May 9, 2015

To My Daughters on Mama’s Day—When I’m Old.


I hoped that I wouldn’t get older.

You’ve always said that to you, I would be forever 32.

I hoped that my hands would always be strong and that my knuckles wouldn’t hint at overwork and that my skin would be sleek and unspotted.

But there have been too many years of digging in the dirt and my hands bronzing in the sun for that.

I wanted my legs to always carry me with strength, so that I could continue to lead on our walks in the woods, with the two of you following me like ducklings, your happy chatter behind me, spurring me on, giving my heart flight. But a few times now, I have followed you, lost in my memories of your childhood as you walked ahead of me and called me to hurry up the hill.

I’ve always had issues with those damn hills.

I’ve been the one to hand out advice and stories, to cook something that made you smile, like apple pancakes or cabbage rolls, or chicken soup.

Now I look forward to a Mexican concoction that you eat hot and I eat mild, and that speaks of your world travels.

I’m not old yet, but I can see that no matter my determination, I’m slipping towards my wisdom years—my wrinkles give me away, as do my afternoon naps.

I can still walk a 200 mile journey through hill and dale, and keep my house to the OCD standards I’m accustomed to.
What has changed are my thoughts.

I’m beginning to dream, asleep and awake, of when I’m old and living somewhere close to you.

I’d like a little cabin on the edge of the woods, by a stream, a mountain in my view.

I’d like you to be close enough that I could take out my walking stick and make my way to your house and my grandchildren.

Will there ever be grandchildren?

I’d like to keep chickens and goats once more, to make soap and perhaps learn to spin.

Of course I’ll still write, but you know that.

I’d like a strong young man (34-ish will do) to help me with the worst of the barn and garden chores.

I’ll feed him lemon loaf and coffee on my front porch, and tell him jokes that you won’t approve of.

Maybe Steve will join us and tell him stories of Lemuria and Atlantis—you know how he likes to do that.

When you come over I’ll always have something good to feed you, and we’ll eat outside in the garden under an apple tree, and drink tea from china cups.

I like the civilized life, even when in the depths of the countryside.

In the winter, I will insist on snowshoeing to your house, and you will both scold me and say I must stop my habit of walking around in blizzards.

But I love storms, and must walk in their wake.

We will meet in town (it must be a small town, darlings, I won’t abide a city—a village would be best).

For coffee at the bohemian café that you and your sister own, even though I only really like the coffee I brew, and walk to the used book store and buy something that touches us, then look in the hardware store because a hardware store is the best thing there is!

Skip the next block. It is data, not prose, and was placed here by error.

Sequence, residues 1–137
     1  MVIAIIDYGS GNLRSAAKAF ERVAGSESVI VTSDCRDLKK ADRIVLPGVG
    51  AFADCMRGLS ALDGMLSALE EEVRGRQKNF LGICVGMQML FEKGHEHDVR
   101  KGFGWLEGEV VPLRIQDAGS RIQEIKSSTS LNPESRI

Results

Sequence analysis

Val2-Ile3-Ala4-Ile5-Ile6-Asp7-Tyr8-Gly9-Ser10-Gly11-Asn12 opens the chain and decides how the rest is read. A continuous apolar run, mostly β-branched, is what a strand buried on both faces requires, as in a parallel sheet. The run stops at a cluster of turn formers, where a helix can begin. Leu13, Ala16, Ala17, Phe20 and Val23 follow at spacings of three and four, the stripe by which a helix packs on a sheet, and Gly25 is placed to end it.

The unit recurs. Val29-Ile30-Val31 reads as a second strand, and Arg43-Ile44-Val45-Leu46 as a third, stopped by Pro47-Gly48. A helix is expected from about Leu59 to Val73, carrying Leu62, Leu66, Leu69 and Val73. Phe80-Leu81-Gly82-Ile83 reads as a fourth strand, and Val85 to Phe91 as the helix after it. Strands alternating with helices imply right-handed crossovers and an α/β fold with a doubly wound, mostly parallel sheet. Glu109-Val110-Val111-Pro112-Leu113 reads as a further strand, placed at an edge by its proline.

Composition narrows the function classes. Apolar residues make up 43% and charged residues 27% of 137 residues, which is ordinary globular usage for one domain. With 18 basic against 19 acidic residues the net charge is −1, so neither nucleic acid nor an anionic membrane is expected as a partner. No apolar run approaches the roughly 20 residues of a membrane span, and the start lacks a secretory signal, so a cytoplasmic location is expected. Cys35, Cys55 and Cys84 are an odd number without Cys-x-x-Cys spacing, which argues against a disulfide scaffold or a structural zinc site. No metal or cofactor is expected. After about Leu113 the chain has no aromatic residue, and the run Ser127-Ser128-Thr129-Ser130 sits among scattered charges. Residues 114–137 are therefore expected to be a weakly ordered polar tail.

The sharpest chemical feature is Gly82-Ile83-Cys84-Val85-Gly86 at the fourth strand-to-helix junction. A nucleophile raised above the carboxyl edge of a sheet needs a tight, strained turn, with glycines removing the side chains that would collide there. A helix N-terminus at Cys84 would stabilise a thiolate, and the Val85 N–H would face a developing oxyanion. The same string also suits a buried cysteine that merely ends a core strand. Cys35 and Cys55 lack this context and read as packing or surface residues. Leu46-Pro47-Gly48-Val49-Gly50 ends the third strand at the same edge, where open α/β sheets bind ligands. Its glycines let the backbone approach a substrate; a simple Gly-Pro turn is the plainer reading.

In the evenings, we will play Scrabble and make a fire in the wood stove, because we all of us are addicts of flames and warmth.

You will point at my pile of books and ask exactly how many am I reading at once even though you’re reading just as many.

There are not many things I am afraid of, but I am afraid of this dream not coming true.

My days are full as is my heart, and I have plenty of friends.

But I seem to have closed my eyes one day and when I opened them you had taken off to the hidden corners of the world and all of a sudden we were too far away to cook dinner together.

When we’re together again, we will pick sweet peas in the early morning mist from my garden, take the hard boiled eggs from our pockets, dust the dirt from a radish or two and eat our breakfast watching the chickens peck the ground for grubs.

I’ll have tea in a thermos and we’ll sit on the garden bench and talk about what we’ll plant that day.

A communal garden, yes, that’s what I want.

We’ll play with the goats and rub their floppy Nubian ears and pet the cat who I know will have found me by accident, while he was strolling through the woods looking for mice.

Steve will have you and your partners over for breakfasts and make you all laugh your pants off with his funny anecdotes, and try to fan-dangle a golf game or a tennis match with anyone who will agree.

When I am old, we won’t think about how much time we have left together, we will just play some Ray LaMontagne on the stereo and write poetry while the sun sets.

And I will have the best memories of all the times we indulged ourselves in what moves us, and what kept us close in spirit even when we’ve been far apart.

When I’m old, I will love you just like I did in the moment you were born—fiercely.

When I’m old, we’ll be together.


Relephant Reads:

The Good Mother.


Author: Monika Carless

Editor: Ashleigh Hitchcock

Image: courtesy of the author

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